coin-gaucheFrench Leaseback FAQs coin-droit

Q: What exactly is a “leaseback” property?

A: The “leaseback” arrangement is a tax-efficient property investment scheme, unique to France, designed to provide supplementary retirement income and, in some cases, a holiday home for a few weeks every year. A property sold under what is known as “the leaseback scheme” is commercial property and the lease contract guaranteeing the rental income is governed by French commercial law. Lease contracts usually run for 9 or 11 years and are renewable by tacit agreement. ”Leaseback” refers to a tax status that applies to the owner of the property (in France, this is known as LMNP, Loueur en Meublé Non Professionel) and affords the owner a certain number of tax benefits, beginning with the full refund of the 19.6% VAT on new build property. Only certain types of property can be purchased under this status: listed tourism residences, business residences for corporate travellers, retirement homes (with or without medical care) and student halls, and these have to provide a certain number of services such as linen replacement, cleaning and managed reception in order to qualify.

Q: Are you official estate agents registered to sell properties in France?

A: We are a fully registered French company with our head office in London and we hold a French realtors’ licence. Recommending investment products is a controlled profession in France and we are qualified to provide our customers with transparent and responsible advice. We also carry full professional liability insurance, which is a legal requirement in France. We specialise in leaseback properties and have an in-depth knowledge of how the scheme works - thanks to this, we know each one of our properties well and can offer well-informed advice about all aspects of owning a leaseback property in France.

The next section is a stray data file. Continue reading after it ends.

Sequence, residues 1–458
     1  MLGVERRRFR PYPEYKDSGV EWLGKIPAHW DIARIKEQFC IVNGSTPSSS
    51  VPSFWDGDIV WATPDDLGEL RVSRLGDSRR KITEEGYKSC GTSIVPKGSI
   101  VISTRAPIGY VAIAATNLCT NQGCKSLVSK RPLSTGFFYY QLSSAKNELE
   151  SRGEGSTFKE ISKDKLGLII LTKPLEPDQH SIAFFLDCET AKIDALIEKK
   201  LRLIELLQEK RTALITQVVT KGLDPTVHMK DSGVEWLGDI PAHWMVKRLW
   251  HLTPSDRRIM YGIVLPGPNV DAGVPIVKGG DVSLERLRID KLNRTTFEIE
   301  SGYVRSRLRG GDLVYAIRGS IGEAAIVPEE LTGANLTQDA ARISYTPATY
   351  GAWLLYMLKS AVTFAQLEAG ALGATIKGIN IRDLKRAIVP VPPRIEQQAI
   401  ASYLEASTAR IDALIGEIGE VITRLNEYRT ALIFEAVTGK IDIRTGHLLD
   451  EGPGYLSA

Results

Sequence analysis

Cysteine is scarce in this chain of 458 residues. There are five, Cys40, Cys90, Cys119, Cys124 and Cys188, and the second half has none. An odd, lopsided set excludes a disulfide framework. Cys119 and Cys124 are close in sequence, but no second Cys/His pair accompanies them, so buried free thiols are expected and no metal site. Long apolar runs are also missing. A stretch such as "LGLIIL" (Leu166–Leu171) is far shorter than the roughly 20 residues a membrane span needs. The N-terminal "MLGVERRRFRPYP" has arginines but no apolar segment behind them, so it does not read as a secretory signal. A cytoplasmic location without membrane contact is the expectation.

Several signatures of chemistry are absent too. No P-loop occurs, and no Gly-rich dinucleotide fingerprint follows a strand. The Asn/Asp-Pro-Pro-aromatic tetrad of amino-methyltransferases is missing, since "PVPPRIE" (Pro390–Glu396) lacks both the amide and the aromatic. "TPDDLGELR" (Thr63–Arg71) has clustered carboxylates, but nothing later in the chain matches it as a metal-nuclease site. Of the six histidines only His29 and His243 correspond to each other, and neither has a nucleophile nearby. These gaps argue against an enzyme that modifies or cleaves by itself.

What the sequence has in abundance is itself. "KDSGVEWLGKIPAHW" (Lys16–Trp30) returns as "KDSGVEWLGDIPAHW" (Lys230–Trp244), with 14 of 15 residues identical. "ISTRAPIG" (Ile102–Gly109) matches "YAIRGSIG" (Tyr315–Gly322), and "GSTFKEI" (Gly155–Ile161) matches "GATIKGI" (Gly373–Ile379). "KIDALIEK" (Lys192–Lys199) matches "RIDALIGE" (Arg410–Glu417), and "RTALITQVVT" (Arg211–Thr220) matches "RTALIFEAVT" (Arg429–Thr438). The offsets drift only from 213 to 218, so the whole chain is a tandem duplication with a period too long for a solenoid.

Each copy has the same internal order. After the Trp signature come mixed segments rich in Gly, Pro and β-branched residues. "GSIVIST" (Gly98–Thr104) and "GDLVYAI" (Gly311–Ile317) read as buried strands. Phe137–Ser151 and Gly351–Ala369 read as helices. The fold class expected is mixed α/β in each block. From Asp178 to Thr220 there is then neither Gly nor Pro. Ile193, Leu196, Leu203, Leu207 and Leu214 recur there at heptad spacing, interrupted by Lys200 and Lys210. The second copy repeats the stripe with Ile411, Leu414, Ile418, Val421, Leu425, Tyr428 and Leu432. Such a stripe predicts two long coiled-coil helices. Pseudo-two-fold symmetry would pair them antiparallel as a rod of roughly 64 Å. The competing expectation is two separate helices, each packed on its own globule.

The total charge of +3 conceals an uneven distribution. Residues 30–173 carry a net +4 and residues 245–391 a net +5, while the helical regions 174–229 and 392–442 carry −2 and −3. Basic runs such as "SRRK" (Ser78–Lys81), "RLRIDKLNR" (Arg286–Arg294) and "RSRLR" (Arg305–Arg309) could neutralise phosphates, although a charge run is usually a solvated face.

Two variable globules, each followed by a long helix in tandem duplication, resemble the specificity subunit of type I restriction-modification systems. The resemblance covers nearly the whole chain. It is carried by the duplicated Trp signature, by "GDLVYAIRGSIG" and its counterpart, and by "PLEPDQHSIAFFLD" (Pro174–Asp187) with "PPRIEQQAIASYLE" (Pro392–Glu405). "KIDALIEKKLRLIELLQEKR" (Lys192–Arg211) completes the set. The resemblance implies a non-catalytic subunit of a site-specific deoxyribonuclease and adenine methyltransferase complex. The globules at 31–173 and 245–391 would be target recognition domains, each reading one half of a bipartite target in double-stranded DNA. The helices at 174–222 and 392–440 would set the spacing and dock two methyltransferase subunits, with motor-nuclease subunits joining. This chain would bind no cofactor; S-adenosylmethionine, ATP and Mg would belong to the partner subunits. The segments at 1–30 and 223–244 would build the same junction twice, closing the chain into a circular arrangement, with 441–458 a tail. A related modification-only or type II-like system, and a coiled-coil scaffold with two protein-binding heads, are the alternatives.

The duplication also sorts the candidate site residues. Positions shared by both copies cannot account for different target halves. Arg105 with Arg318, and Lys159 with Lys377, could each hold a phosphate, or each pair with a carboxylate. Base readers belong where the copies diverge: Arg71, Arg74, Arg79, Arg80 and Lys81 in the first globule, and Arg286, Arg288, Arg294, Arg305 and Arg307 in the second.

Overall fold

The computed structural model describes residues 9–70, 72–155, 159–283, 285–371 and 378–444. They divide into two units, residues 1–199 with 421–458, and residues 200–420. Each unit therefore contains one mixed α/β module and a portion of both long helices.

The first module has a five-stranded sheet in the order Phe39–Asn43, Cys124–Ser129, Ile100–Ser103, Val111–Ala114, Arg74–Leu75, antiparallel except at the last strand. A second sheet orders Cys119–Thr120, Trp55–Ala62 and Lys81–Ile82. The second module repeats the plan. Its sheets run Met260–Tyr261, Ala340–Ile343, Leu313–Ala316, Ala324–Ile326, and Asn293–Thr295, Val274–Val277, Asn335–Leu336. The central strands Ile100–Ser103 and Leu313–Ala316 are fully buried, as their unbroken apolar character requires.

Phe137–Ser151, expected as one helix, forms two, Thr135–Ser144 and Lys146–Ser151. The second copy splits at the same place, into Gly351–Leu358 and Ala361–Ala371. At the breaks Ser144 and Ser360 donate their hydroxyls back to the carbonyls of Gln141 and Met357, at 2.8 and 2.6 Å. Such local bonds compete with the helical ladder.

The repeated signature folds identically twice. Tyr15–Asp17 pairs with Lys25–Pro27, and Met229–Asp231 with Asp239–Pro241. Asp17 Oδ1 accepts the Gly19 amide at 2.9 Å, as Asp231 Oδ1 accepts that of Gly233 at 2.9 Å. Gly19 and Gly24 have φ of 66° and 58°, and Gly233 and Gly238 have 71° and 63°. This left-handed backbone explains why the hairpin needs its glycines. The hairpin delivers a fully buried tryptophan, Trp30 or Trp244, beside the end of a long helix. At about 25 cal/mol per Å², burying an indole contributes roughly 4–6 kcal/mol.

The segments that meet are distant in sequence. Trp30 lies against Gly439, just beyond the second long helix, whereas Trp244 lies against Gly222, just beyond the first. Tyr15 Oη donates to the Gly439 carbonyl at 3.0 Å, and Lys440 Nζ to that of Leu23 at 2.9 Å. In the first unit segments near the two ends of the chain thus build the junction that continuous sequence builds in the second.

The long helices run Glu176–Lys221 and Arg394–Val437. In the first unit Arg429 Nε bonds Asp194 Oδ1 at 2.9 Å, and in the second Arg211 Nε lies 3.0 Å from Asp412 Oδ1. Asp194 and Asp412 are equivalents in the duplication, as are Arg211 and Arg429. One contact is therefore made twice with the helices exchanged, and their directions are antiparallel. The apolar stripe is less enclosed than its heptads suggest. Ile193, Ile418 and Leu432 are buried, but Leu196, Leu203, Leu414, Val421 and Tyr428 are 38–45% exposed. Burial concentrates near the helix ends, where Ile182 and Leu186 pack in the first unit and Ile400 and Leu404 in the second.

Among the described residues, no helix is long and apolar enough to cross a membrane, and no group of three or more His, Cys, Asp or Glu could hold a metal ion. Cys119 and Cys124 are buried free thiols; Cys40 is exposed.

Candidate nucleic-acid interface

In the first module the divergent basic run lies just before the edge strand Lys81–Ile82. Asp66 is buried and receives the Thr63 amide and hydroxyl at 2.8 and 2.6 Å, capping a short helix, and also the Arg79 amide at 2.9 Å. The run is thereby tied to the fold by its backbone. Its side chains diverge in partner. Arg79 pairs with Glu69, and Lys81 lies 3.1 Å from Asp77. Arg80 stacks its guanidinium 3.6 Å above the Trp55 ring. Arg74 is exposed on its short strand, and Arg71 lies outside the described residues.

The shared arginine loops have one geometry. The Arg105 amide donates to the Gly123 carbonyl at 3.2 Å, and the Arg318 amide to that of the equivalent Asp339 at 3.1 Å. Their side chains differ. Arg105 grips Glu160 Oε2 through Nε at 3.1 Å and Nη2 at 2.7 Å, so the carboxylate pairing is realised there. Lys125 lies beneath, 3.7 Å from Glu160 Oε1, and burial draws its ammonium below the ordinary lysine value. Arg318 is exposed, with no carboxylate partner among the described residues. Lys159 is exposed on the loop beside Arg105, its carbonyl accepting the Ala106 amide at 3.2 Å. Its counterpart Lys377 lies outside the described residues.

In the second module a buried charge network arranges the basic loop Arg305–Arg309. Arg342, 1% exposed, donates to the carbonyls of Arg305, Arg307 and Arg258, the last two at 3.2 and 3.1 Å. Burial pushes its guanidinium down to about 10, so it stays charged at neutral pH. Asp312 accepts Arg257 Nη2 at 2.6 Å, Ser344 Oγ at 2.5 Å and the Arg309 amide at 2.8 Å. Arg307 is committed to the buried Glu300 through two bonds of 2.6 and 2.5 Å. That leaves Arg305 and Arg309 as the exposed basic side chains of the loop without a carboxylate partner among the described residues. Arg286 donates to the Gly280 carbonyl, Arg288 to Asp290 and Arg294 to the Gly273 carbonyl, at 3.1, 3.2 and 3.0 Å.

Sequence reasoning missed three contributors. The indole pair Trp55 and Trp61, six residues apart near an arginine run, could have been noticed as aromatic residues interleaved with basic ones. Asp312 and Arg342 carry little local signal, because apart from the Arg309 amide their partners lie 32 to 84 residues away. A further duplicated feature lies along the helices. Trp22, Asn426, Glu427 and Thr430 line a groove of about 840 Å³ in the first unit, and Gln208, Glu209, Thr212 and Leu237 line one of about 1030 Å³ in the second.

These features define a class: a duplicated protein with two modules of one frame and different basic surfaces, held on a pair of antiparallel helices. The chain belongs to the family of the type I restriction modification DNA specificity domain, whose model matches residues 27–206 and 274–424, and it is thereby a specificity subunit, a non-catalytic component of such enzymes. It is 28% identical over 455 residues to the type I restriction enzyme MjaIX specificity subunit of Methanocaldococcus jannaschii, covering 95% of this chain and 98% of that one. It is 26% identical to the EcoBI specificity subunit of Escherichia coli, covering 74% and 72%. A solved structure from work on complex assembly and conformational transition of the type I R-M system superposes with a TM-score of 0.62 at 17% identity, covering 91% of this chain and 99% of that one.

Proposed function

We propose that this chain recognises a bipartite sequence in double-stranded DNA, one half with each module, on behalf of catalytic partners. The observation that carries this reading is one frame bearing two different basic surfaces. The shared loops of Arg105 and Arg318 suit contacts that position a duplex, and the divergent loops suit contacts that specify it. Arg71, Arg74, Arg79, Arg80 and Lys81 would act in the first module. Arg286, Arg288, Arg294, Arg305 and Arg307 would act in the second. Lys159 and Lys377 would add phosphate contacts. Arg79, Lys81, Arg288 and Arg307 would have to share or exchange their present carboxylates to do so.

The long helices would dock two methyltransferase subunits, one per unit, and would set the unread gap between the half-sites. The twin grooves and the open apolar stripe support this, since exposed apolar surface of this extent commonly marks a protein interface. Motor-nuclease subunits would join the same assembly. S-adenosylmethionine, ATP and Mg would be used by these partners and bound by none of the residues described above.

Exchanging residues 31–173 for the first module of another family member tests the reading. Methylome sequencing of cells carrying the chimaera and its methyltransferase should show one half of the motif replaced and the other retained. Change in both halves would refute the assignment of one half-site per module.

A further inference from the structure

Q: What services do you provide and what are your fees?

A: We are here to ensure that you understand the full implications of a leaseback investment, help you to identify the right property investment to meet your personal requirements and supply you with up-to-date information concerning available properties. These properties are nearly always purchased off-plan and we are able to send you every detail, including floor plans, by e-mail. When you have found a suitable property, we can assist you with your mortgage, if necessary, and guide you through the purchase process until completion. After completion we offer a fully-comprehensive after sales and follow-up service to all our customers.

Q: How is the “yield” calculated and how often is the rental income paid?

A: The yield is always a percentage of the value of the property excluding VAT, however the value of the property will sometimes include the cost of the furnishings and sometimes not. This depends on the method the management company uses for making its calculations and should be checked before purchasing. Rent is usually paid quarterly in arrears, but sometimes annually.

Q: Is the rental income indexed to inflation and if so, how?